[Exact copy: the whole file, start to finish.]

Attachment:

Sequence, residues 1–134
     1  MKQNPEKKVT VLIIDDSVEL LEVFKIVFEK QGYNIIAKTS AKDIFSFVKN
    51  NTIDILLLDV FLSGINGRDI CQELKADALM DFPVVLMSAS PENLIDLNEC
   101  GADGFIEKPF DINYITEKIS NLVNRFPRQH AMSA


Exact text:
Sequence, residues 1–134
     1  MKQNPEKKVT VLIIDDSVEL LEVFKIVFEK QGYNIIAKTS AKDIFSFVKN
    51  NTIDILLLDV FLSGINGRDI CQELKADALM DFPVVLMSAS PENLIDLNEC
   101  GADGFIEKPF DINYITEKIS NLVNRFPRQH AMSA